A woman who has moved a mobile home onto an empty lot in a neighborhood of custom-built homes has every right to be there, city staffers told irate neighbors and City Council members Tuesday night.
In their report during a City Council meeting, the staff members suggested that residents of the quiet Saugus neighborhood of single-family homes make their peace with the mobile home owner, Carol Wise, who took out appropriate permits before moving the home onto the lot.
But dozens of residents on hand for the meeting were in no mood for peaceful coexistence. They were especially outraged by city planner Rich Henderson's suggestion that they "work together to make the mobile home an asset to the neighborhood."
Exasperated City Council members said their only option was to initiate negotiations to buy the property. But this hardly mollified neighborhood residents.
"Something's wrong when the City Council requests a staff report regarding a mobile home on a residential lot and they receive a gallon of whitewash, one quart of gloss and the recommendation by Rodney King, 'Can we all get along?' " said Richard Trimble, president pro tem of the neighborhood's Galaxy Highlands Homeowners Assn.
The association had been inactive for several years, but came to life with the arrival of Wise's mobile home earlier this month. Several of the residents said they feared the mobile home's presence would decrease their property values.
Wise, who was also at the meeting, said she had planned to move into the mobile home on the winding Barbacoa Drive when improvements, including an attached garage and covered porch, were completed.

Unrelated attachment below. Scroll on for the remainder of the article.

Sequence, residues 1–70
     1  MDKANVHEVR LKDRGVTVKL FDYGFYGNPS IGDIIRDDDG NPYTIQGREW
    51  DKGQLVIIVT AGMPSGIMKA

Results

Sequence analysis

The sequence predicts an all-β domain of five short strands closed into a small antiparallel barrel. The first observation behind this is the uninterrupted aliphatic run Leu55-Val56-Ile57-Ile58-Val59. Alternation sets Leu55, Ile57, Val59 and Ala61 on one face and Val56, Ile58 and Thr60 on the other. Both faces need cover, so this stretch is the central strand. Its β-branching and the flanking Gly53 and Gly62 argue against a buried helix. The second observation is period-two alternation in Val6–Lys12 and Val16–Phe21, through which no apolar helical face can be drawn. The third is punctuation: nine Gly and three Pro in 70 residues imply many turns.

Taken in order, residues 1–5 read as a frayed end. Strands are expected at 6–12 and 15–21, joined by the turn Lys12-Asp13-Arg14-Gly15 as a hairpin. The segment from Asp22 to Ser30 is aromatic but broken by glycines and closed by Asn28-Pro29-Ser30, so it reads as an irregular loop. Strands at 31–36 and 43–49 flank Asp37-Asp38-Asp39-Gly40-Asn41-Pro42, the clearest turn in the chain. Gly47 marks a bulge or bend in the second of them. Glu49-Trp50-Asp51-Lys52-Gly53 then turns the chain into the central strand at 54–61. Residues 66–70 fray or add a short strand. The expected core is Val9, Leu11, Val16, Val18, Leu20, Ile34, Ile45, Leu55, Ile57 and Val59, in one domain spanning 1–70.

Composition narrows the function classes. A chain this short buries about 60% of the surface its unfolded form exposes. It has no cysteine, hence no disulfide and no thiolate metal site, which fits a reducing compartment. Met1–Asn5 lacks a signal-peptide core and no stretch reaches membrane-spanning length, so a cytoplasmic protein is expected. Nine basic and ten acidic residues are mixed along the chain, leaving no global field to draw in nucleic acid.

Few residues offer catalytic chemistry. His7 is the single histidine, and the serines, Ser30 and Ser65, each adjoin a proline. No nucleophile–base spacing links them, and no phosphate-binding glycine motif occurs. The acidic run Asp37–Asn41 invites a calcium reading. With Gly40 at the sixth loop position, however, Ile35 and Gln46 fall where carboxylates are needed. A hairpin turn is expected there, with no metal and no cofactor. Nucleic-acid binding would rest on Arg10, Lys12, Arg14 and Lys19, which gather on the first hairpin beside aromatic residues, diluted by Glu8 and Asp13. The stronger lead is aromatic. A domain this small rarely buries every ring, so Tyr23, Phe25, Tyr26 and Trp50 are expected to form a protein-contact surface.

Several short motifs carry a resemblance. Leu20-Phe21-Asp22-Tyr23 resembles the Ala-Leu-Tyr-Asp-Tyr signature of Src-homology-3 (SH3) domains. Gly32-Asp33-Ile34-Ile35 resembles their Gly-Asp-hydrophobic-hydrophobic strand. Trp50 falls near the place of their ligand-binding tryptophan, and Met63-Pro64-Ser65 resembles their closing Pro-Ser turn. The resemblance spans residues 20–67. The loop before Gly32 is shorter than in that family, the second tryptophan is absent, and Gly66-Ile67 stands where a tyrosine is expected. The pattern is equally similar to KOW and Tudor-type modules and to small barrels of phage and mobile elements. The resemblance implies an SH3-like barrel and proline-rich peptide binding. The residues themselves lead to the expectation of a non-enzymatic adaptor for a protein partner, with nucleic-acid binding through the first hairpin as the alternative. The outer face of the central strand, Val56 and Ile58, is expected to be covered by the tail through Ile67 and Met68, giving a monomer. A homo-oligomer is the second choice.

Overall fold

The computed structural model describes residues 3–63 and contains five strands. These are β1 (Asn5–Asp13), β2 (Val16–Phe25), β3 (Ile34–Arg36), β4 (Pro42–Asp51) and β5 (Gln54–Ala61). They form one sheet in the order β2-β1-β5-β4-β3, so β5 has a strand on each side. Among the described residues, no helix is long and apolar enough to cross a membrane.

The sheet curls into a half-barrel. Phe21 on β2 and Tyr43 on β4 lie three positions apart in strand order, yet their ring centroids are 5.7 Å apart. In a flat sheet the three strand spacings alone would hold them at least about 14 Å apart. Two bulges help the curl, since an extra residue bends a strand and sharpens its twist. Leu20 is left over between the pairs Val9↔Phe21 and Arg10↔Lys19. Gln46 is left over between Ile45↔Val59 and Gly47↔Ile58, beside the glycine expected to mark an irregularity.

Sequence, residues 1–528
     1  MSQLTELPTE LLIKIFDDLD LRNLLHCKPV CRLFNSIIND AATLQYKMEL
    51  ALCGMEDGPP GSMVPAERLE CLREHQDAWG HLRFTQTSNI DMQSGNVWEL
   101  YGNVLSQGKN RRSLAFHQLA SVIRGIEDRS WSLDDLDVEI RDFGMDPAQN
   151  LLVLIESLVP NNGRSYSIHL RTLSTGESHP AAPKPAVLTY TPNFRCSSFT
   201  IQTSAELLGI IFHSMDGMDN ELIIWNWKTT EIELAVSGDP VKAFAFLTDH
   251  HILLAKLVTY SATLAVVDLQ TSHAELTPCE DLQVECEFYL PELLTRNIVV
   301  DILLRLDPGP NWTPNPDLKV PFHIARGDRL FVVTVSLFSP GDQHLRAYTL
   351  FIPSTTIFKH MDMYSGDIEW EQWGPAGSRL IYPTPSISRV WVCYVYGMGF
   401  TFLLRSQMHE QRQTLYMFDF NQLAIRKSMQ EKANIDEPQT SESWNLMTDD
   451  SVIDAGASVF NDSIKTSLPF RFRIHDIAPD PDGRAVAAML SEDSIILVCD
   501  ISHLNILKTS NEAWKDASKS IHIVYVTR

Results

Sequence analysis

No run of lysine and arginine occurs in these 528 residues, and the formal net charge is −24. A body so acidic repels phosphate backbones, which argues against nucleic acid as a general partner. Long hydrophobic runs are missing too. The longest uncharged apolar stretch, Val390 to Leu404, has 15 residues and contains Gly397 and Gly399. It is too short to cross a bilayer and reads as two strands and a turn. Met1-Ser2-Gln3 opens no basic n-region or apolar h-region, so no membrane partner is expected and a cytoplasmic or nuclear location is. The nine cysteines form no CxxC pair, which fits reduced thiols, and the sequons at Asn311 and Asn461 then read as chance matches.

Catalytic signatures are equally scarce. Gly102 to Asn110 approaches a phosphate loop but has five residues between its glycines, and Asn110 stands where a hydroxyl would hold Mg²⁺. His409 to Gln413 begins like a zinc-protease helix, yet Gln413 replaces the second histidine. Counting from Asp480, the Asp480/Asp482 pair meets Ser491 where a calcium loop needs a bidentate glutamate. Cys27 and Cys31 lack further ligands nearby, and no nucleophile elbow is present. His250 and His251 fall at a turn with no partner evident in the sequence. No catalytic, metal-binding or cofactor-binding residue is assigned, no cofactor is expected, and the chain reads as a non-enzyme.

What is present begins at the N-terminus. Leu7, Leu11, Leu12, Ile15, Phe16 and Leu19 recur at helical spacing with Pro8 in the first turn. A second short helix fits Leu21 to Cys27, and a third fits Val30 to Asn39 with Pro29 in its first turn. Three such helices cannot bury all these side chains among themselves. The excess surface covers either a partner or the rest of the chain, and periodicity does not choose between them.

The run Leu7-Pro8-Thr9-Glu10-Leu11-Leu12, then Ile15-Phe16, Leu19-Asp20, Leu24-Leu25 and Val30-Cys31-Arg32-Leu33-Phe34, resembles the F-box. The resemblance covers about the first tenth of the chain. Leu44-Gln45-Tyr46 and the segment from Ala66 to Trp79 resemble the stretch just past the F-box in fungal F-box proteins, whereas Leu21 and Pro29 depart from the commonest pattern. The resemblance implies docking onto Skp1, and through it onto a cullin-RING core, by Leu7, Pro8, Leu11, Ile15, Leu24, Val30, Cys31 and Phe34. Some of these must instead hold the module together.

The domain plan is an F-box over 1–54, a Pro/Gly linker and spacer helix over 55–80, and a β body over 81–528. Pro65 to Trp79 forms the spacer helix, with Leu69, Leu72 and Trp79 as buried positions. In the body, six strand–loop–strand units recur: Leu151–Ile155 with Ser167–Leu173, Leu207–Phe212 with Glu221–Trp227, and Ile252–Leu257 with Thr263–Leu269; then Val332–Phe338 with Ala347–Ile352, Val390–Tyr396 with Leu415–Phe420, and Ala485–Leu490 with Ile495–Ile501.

The high school teacher said her affection for the well-kept neighborhood was rapidly diminishing, but she had no intention of moving if it meant losing the $145,000 she has invested in home and property.
"I would think the City Council members would be more in tune with upholding the law than pandering to public opinion," Wise said after the meeting. "(But) offer me enough and I'll leave."
The city just might. Council members, who have been hounded by complaints from the residents, voted unanimously at the meeting to enter negotiations with Wise over a buyout of the property.
Santa Clarita Mayor George Pederson suggested that "all parties involved," including the homeowners group, meet and discuss how it could be financed. He said some of the money could come from the city.
"I think the role of the city is to take a leadership role, saying 'We made a mistake here,' " he said in an interview Wednesday. He suggested that Wise not demand an inflated price.
"I don't think she's going to want to live in that neighborhood," he said.
Many of the homeowners said they would be willing to pay several hundred dollars apiece toward a buyout. "It's something I would seriously consider," said Jeff Miller, vice president pro tem of the homeowners group.
The lot is one of four on a hillside that had been vacant since the 1971 Sylmar earthquake and only recently declared safe for building. Pederson suggested the properties could be made into a city park.
The council also took Henderson's suggestion that they draft an ordinance that would prohibit mobile homes from being placed on such lots. There is a state law already in place that allows cities to prohibit mobile homes more than 10 years old being placed on residential lots (Wise's is 15 years old), but that law did not exist when Wise applied for her building permits, Henderson said.
Pederson said it will probably take at least 60 to 90 days before such an ordinance would be ready for approval.